“…there is only one type of person for each gender…”

The title is a phrase from a sentence that criticizes the sexual stereotyping on The Jersey Shore. The essay was on “reality” television, and the student’s point was, at bottom, well taken:

“The message that [Jersey Shore] sends to young kids is the idea that there is only one type of person for each gender that you can be.”

There’s a lot wrong with this sentence, to be sure. My sudden appearance in the discussion, by way of the comment as to what “you can be,” is a problem. Trying to find a shortcut through a lesson on agreement of person in pronouns that hangs up every time on the whole concept of person in pronouns, I often simply advise, “Just don’t use ‘you’ in academic writing.” That should be an easy rule to follow, no? At the proof-reading stage the student could just run a check for “you” in the draft, and as the computer finds the uses one by one, the student would reword or restructure the sentences to lose the “you.” But no. That would be too easy, I guess. Instead, students just keep writing the way they talk, and there’s “you,” all through the paper, trying to agree with “he” or “I” or “they” or, in this case, possibly, “kids.”

We also have the nested terms in the statement “the message…is the idea that there is only…” Well, the actual message isn’t an idea about something; it’s the something, that there is only one type etc. The sentence would be more effective if it just telescoped down to hide that nesting.

Of course the most woeful aspect of the sentence is its overall staggering clumsiness, the sense that the writer is trying to work out an idea and doesn’t want to repeat the effort to clear it up once it’s actually uttered, no matter how ineptly. “There is only one type of person for each gender that you can be”??? And, alas, the “you” clause is even misplaced: she should have put that modifier next to its noun (“there is only one type of person that you can be for each gender”), making clear that the more infinite variety of choices lies with “person” rather than “gender”—and, of course, making an awkward sentence even more awkward.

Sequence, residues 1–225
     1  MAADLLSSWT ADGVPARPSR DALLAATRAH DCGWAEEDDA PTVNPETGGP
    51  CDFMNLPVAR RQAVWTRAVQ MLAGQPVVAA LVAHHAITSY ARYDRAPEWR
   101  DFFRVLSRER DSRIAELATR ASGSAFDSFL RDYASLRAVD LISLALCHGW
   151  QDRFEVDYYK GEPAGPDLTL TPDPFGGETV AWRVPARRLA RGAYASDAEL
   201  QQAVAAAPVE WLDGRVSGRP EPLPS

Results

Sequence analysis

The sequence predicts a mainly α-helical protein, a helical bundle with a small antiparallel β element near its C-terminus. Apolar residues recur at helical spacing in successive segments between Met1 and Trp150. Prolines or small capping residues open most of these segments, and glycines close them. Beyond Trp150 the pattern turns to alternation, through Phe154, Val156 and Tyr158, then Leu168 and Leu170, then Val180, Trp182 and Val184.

Still, I’m proud that my student recognizes stereotyping when she sees it, and is uncomfortable with a television show that perpetuates—nay, celebrates and profits from—stereotypes. The gender stereotypes of my own youth were very different from those on Jersey Shore and other like-minded television programs today, but no less powerful for young people trying to suit society’s expectations of them, and no less damaging to the “kids” and to their society. As we are learning more and more every day, a gender is not a clear-cut category and should not be a strait-jacket; gender is at most a spectrum, and individuals should be free to locate themselves at the place on that spectrum where they feel most fully realized, and then to express their understanding of that “type” of person. Further, even these places on the spectrum have great potential variety: two very “masculine” men, or two very “feminine” women, may still diverge greatly from each other in their general and gender behavior, appearance, and actions.

And I know that this is what my student meant. She lacked the vocabulary, concepts, and patience to work her way through saying it. She should have taken more time, tried more sentence structures and rhetorical strategies—a hypothetical example might have helped, for instance. Why didn’t she? Maybe because she thought her sentence was great as it stood. Maybe because she didn’t feel putting in more time and effort would help. Maybe because she didn’t feel like putting in more time and effort. Maybe because, unsatisfactory as the sentence is, she believed she couldn’t make it any better (which isn’t the same as thinking it was great).

If she pays attention and is willing to make more effort, her professors and peers will help her find her way to a clearer, more assured voice and stronger writing skills and devices…

…just as a society, paying attention and being willing to make more effort (despite pockets of resistance), can learn to think beyond stereotypes and find a deeper understanding of what it means to be human.

Happy Valentine’s Day to each of us, all the types of people of all the shades of gender in all the possible relationships. Stay away from “reality”: the real reality is getting better all the time, however slowly.


About RAB

Teacher of English writing and literature (college-level); academic-freedom activist; editor and copy editor; theater director, costumer, actress, playwright. View all posts by RAB

2 responses to ““…there is only one type of person for each gender…”

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